Director Mairin O’Hagan grew up between parents in the west coast of Scotland and Warwickshire. After an English degree and drama school, she now lives in London where she works as a writer and filmmaker. She set up a company, ‘Barefaced Greek,’ and learnt the process of filmmaking through producing shorts based on ancient Greek drama. She also runs ‘Queynte Laydies’ with partner Sarah Anson, a female-led company interested in women’s stories from history, where she writes and directs theatre and comedy.
Mairin has written scripts and adaptations for TV and feature film.
This is her first film as director.
When people die, they leave behind a trail of possessions and communications for their loved ones to sort through. In my own experiences of bereavement, I have found it so hard to let go of the possessions left behind by my father and my much-loved grandparents because they feel like little pieces of connection that I don’t want to lose. I’m always taken by surprise when I see a piece of handwriting that belonged to someone I loved who is no longer alive—it’s so instantly recognisable, so specific to that person, formed over years of practice and self-definition. The character of Emma was someone I immediately cared for as a woman struggling with letting go after a great loss, in a house packed full of the possessions accumulated during a relationship that spanned decades. I was drawn to this film as a portrait of grief and the internal resistance that we feel when it comes to letting go of someone we’ve lost. I love the setting of this film in Sussex, where the stormy, wintry landscape beautifully reflects Emma’s sense of desertion and isolation, as well as contributing to the atmosphere of horror in the film.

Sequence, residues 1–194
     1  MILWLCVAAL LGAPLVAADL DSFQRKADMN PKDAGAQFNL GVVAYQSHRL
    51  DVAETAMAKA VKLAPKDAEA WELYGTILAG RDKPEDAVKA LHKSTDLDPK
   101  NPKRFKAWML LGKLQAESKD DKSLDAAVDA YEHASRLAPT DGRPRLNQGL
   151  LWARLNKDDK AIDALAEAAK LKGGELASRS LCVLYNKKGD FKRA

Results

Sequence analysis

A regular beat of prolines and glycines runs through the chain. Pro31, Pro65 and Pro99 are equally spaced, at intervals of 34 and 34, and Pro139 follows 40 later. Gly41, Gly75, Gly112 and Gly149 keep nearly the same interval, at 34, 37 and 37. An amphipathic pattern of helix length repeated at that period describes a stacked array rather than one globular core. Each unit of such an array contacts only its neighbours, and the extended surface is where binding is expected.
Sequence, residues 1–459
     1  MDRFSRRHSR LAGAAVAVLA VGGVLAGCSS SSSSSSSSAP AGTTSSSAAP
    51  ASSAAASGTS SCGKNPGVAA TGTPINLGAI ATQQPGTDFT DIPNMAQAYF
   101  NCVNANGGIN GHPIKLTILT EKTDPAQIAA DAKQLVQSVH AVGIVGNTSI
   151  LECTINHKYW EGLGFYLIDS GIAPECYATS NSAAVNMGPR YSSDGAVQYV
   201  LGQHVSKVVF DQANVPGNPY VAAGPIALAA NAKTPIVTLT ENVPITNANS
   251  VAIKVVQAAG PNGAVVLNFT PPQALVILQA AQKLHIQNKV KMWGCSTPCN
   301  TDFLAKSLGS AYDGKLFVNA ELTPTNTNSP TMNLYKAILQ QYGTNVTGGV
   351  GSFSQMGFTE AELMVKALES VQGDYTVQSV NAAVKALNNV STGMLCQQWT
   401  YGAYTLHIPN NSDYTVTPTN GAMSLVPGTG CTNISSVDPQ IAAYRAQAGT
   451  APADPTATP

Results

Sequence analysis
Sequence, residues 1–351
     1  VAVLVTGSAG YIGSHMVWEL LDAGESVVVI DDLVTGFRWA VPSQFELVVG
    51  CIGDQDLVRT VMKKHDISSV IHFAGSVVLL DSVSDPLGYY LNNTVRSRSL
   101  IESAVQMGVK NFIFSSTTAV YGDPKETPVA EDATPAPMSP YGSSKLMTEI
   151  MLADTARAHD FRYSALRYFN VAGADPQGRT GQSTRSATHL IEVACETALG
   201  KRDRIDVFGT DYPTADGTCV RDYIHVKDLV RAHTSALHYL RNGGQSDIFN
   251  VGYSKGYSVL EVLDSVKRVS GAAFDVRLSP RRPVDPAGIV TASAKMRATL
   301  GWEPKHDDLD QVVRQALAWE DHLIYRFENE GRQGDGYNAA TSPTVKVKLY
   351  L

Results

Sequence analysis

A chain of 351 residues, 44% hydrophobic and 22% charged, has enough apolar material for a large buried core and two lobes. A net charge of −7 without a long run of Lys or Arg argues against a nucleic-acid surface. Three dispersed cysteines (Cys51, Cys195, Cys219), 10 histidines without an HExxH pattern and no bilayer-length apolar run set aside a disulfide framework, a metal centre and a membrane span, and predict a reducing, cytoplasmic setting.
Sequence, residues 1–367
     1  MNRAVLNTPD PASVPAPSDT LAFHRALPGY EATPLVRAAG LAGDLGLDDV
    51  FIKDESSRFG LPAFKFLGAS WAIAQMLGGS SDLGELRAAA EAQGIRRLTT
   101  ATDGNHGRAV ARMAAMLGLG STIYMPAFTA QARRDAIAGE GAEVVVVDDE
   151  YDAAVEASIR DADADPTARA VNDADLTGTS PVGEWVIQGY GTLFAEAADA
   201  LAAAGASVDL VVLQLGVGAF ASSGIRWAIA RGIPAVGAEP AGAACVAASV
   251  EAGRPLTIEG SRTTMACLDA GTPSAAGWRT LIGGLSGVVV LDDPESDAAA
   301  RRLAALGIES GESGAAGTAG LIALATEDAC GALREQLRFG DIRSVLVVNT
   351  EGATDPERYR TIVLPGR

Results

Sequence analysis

I love the Thomas Hardy poem that inspired the film. In it, Hardy asks his dead wife: “why do you make me leave the house, and think for a breath it is you I see?” He writes as though the power of this woman’s memory is enough to control this living man’s behaviour, to “make” him do things. I was interested to explore where ghosts might come from, are they real entities that can make us perform to their will, or are they something we summon into existence when we don’t feel ready to let go of what we’ve lost? I love the certainty with which Hardy poses this question of his wife, accompanied by the doubt and mystery that comes with trying to get one’s head around death.